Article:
1 pre-stretched canvas
Water colors (and water color supplies)
Embroidery Needle (thin one so it doesn't put large holes in the canvas)
Modge Podge in Matte
Brushes for Modge Podge application
Painters Tape (optional)
I learned some things along the way while doing this so hopefully the next 2 canvas' will turn out even better. But, here is what I did on this one:
Step 1: Paint the canvas with your basic watercolor wash. I used a blueish green with some white to lighten it. Make sure to use good quality water color paints here as the cheapy containers will just puddle. (Lesson learned: Use a canvas for water color if you want the color to stay on really well. When I got to a later step some of the color was coming off. I was trying to be
Step 2: Once your first wash has dried create a second wash with some yellow and brown to give the first wash a slight aged look.
Step 4: (This is different than how I did it because I learned some things along the way which is why there aren't pictures for the following few steps. I'm trying to save you the trouble of where I went wrong, but I will explain to you later what I did and what happened as a result.)
Cut your fabric into free form leafy shapes. Try to choose a fabric with some variance in color on it to make the cut outs more appealing to the eye. Plain colored fabric will loose the dimensional look you're going for. Using a small brush and Modge Podge in Matte (that's important) glue down the back sides of the leaves onto your canvas.
Step 5: Sew your buttons onto the canvas using embroidery thread and a thin embroidery needle. In this case I was doing a bunch of grapes so each button represented a grape. Try to use buttons in one color scheme but some that are lighter and darker than others and vary in size. This is why the scrap booking packages of buttons are so great.
Step 6: Take an old rag (torn up t-shirt works great) and rub it on a Walnut stain pad (Looks like a stamp pad, and you can get it at most scrap booking stores). Gently rub the stain on the canvas, including the leaves you glued down. Be gentle, and pat. Test this on the sides of the stretched canvas first so you know how much stain you want on your rag. If you're not careful you can be too heavy handed. I did some extra rubbing and staining on the corners to age it further.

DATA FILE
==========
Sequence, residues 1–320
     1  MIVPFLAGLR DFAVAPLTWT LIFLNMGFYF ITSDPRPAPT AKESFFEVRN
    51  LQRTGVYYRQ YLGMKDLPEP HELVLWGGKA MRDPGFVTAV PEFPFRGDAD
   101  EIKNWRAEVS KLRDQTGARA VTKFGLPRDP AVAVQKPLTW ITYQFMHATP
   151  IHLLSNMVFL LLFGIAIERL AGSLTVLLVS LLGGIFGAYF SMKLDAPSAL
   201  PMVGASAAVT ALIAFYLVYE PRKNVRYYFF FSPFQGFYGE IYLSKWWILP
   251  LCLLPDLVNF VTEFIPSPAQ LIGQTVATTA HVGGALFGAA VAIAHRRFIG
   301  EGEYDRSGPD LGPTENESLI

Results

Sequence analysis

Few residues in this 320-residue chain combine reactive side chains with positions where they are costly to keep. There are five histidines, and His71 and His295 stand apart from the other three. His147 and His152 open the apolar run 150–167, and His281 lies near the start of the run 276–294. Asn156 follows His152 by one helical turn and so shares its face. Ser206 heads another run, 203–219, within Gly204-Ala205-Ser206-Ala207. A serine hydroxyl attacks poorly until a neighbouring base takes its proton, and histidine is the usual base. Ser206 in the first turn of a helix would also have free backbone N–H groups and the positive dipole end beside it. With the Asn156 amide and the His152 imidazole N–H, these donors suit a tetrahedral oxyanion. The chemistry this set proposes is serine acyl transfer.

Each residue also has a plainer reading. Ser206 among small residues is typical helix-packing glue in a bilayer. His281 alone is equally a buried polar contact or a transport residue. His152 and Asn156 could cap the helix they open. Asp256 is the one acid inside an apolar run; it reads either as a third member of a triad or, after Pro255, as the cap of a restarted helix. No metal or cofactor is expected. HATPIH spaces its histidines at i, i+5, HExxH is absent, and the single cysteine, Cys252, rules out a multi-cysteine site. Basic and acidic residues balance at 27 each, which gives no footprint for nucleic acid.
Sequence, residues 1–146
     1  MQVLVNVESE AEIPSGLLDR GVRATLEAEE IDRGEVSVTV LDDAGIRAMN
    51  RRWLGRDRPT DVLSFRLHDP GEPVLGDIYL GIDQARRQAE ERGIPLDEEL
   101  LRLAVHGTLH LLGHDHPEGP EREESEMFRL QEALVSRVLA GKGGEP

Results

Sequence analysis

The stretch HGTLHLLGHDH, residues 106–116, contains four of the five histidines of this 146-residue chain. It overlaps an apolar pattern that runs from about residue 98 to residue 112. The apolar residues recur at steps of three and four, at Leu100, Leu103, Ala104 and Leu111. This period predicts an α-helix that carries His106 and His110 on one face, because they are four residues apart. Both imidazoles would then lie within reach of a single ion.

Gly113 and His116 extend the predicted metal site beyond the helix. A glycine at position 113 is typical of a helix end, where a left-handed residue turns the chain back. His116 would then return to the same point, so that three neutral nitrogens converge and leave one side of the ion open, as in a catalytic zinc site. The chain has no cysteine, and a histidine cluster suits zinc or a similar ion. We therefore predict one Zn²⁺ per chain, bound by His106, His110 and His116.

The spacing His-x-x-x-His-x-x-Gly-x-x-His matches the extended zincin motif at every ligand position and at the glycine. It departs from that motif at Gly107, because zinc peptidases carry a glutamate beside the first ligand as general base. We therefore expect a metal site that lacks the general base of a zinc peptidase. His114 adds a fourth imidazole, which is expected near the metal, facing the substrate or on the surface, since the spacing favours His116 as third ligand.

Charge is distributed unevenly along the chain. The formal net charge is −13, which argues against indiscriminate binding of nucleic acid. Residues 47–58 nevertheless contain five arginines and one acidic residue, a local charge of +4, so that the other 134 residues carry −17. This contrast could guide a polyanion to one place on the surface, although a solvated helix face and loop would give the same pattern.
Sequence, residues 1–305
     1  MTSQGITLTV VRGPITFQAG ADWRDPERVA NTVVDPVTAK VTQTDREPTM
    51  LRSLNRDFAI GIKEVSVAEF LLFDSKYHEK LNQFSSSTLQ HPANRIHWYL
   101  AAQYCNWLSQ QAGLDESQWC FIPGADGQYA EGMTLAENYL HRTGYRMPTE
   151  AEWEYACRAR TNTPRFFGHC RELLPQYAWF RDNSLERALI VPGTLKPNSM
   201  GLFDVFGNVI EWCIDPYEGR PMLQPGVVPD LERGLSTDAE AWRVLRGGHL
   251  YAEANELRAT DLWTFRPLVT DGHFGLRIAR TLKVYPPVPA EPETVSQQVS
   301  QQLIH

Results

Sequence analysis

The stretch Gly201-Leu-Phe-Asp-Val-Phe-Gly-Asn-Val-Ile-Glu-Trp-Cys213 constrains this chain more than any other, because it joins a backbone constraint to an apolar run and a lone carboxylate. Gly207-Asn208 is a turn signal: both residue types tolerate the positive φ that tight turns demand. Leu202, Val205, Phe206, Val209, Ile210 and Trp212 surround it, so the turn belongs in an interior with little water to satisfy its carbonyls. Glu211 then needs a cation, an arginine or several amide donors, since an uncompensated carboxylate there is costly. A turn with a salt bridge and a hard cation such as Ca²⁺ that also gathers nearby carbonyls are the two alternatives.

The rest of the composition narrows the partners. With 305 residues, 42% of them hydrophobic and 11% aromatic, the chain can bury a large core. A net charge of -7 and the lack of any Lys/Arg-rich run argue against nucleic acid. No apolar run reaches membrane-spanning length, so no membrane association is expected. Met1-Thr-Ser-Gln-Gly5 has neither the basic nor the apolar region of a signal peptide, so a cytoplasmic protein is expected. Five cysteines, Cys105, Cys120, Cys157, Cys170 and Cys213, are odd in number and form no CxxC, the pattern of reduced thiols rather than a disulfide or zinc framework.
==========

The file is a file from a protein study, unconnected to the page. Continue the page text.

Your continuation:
Step 7: Modge Podge across the entire canvas carefully (it will dry clear so if a little gets on the buttons that's okay). Some stain may come off. That's okay. Just reapply a little more if you need to. Let dry.
Step 8: Using green embroidery floss stitch some curly vines and a stem onto your canvas, and voila...you're done!
So...here's a few things I did wrong along the way (in my opinion).
1. I glued the leaves down after a sewed the grapes (buttons) on. This left some gaps of water color showing through that I wasn't really wanting. No biggie, but lesson learned.
2. I Modge Podged the back of the leaves and the tops of the leaves in one step. This sealed them in so they wouldn't peel up as I worked. However it created an area of Modge Podge that lifted some of the water color and also left some Modge Podge "outlines" around the leaves which is why I now have the top coat of Modge Podge in a later step.
3. The Walnut stain will come off on your fingers so I recommend Modge Podging over that to seal it all in. My fingers were brown while stitching my vines. Then the Modge Podge smeared my stain a little so I had to put a little more on top to even it out giving it a slightly more antiqued look than I was going for, but I still love it.
4. Be careful and even with your Modge Podge brush strokes. Go all of the way to the edge of the canvas.
5. If you have painters tape you could use that on the front to tape off where the slats are on the back so you know how far out you can go when sewing on buttons or stitching leaves easily.
Sorry for the lack of pictures with the steps, but it wouldn't have made sense to you since I did it in a different order. Still to come I'm thinking of a cherry and a strawberry. But, blueberries have popped into my brain now so we shall see. :)